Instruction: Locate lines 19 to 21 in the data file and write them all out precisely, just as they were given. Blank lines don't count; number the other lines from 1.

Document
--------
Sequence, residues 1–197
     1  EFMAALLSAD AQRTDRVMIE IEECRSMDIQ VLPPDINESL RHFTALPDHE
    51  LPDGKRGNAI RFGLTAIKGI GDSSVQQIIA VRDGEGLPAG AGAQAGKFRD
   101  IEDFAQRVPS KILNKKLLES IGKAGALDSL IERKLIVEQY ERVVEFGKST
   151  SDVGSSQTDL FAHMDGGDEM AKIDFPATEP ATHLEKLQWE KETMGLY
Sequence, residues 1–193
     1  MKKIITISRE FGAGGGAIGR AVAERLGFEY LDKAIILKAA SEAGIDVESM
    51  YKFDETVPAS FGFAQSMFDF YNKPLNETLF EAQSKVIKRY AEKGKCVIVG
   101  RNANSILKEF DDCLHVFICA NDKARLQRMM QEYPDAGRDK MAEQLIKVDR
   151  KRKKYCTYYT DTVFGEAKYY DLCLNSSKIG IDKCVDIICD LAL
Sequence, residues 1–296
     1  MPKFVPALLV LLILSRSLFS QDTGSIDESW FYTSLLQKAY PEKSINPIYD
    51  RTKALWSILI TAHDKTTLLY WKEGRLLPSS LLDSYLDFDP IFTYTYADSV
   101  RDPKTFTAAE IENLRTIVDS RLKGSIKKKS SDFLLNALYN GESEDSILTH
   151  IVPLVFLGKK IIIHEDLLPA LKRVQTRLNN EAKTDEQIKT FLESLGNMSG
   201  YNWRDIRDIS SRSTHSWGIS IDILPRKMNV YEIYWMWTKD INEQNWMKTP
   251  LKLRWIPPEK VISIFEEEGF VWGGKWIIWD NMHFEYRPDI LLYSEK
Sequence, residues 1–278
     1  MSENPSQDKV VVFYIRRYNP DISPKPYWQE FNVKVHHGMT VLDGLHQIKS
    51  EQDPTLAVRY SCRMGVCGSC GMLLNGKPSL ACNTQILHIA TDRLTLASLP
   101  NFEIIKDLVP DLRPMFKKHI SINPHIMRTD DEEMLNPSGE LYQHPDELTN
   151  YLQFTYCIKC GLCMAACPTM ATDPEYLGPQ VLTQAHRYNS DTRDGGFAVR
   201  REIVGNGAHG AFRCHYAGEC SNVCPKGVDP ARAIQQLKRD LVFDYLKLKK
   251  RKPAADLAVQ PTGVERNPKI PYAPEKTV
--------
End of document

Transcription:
     1  MSENPSQDKV VVFYIRRYNP DISPKPYWQE FNVKVHHGMT VLDGLHQIKS
    51  EQDPTLAVRY SCRMGVCGSC GMLLNGKPSL ACNTQILHIA TDRLTLASLP
   101  NFEIIKDLVP DLRPMFKKHI SINPHIMRTD DEEMLNPSGE LYQHPDELTN